ANC rural affairs minister Gugile Nkwinti added: “The ANC unequivocally supports the principle of land expropriation without compensation. There is no doubt about it, land shall be expropriated without compensation.”
Thandeka Mbabama from the Democatic Alliance party, which opposed the motion, said there was a need to right the wrongs of the past but expropriation “cannot be part of the solution”.
“By arguing for expropriation without compensation, the ANC has been gifted the perfect scapegoat to explain away its own failure,” she said in a statement.
“Making this argument lets the ANC off the hook on the real impediments — corruption, bad policy and chronic underfunding. Expropriation without compensation would severely undermine the national economy, only hurting poor black people even further.”
Pieter Groenewald, leader of the Freedom Front Plus party representing the white Afrikaner minority, asked what would happen to the land once it was expropriated.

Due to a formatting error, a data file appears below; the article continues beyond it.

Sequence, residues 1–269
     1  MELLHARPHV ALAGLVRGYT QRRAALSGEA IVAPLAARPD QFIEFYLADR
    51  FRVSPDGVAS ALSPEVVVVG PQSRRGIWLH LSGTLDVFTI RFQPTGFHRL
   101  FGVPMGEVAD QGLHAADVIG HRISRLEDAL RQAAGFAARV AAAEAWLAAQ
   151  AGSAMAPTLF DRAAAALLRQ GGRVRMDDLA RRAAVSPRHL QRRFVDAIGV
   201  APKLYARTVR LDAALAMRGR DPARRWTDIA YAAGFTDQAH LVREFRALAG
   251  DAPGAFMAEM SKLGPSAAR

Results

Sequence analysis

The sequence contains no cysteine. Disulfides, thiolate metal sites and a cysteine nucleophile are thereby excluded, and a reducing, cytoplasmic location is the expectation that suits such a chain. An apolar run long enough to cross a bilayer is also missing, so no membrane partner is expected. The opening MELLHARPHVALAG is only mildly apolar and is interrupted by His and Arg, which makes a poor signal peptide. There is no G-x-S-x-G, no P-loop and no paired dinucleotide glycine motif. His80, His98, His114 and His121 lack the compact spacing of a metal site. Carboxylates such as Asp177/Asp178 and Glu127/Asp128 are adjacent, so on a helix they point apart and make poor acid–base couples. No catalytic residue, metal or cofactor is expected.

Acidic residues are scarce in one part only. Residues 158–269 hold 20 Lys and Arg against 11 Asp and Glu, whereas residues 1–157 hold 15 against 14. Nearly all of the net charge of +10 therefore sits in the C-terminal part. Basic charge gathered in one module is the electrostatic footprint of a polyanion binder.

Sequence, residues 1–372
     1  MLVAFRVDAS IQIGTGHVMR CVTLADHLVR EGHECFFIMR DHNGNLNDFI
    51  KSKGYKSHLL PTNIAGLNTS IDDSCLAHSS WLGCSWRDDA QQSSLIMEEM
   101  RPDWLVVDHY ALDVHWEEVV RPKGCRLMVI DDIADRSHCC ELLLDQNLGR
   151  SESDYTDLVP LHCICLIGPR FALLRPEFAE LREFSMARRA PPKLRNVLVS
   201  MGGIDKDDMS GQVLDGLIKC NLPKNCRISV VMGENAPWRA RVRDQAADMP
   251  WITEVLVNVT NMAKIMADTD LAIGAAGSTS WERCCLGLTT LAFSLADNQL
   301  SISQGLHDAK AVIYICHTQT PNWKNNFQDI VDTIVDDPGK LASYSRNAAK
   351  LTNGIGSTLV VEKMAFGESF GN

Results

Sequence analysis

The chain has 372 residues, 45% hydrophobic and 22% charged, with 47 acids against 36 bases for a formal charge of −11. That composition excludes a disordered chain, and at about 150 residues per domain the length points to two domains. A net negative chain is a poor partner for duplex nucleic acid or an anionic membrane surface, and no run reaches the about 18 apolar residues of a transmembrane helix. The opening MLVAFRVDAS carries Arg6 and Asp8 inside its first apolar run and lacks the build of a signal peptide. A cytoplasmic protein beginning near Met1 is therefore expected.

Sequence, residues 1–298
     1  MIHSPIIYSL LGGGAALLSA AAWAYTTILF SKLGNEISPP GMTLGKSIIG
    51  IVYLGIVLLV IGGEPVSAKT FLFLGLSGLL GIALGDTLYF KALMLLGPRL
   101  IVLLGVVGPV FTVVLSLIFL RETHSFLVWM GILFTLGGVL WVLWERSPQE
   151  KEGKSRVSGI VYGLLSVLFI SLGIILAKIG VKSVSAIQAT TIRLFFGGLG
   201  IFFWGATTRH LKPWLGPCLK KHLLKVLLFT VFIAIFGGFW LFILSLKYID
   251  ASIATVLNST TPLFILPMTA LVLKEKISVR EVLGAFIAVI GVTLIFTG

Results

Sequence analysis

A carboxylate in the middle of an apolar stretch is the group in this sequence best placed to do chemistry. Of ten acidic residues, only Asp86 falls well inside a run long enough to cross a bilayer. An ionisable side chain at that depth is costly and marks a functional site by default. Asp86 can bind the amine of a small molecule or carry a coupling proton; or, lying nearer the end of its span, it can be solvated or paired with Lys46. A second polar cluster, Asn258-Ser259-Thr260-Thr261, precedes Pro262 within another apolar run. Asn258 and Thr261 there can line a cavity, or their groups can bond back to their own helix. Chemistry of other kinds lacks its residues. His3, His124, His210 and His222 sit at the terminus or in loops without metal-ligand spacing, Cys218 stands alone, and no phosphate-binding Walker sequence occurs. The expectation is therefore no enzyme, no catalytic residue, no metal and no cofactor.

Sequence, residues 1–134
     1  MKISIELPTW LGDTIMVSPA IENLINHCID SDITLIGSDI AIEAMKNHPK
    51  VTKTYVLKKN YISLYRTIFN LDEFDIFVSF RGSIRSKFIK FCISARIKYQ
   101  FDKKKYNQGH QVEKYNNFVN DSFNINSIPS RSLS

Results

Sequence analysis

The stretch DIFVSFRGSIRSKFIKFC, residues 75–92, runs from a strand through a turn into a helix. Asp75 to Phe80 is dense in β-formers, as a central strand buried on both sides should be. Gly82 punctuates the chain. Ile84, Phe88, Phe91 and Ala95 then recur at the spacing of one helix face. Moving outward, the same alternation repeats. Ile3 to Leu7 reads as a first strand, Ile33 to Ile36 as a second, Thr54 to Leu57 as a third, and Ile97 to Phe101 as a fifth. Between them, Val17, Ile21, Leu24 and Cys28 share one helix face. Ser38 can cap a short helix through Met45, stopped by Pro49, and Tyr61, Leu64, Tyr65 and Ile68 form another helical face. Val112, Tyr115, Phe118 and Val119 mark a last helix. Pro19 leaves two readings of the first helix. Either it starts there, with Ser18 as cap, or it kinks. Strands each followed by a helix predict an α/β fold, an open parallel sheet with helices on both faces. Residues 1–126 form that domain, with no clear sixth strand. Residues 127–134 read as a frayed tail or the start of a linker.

“If you continue on this course, I can assure you there is going to be unforeseen consequences that is not in the interest of South Africa,” he said.
Cope leader Mosiuoa Lekota said there was a “danger that those who think equality in our lifetime equates that we must dominate whites”, News24 reported.
Malema has been leading calls for land confiscation, forcing the ANC to follow suit out of fear of losing the support of poorer black voters. In 2016, he told supporters he was “not calling for the slaughter of white people’ at least for now”.
That’s mighty white of him.*
Reuters is perhaps a bit more neutral in its report (“Vote in South Africa’s parliament moves land reform closer“):
South Africa took a step on Tuesday to hasten the transfer of land from white to black owners when parliament backed a motion seeking to change the constitution to allow land expropriation without compensation.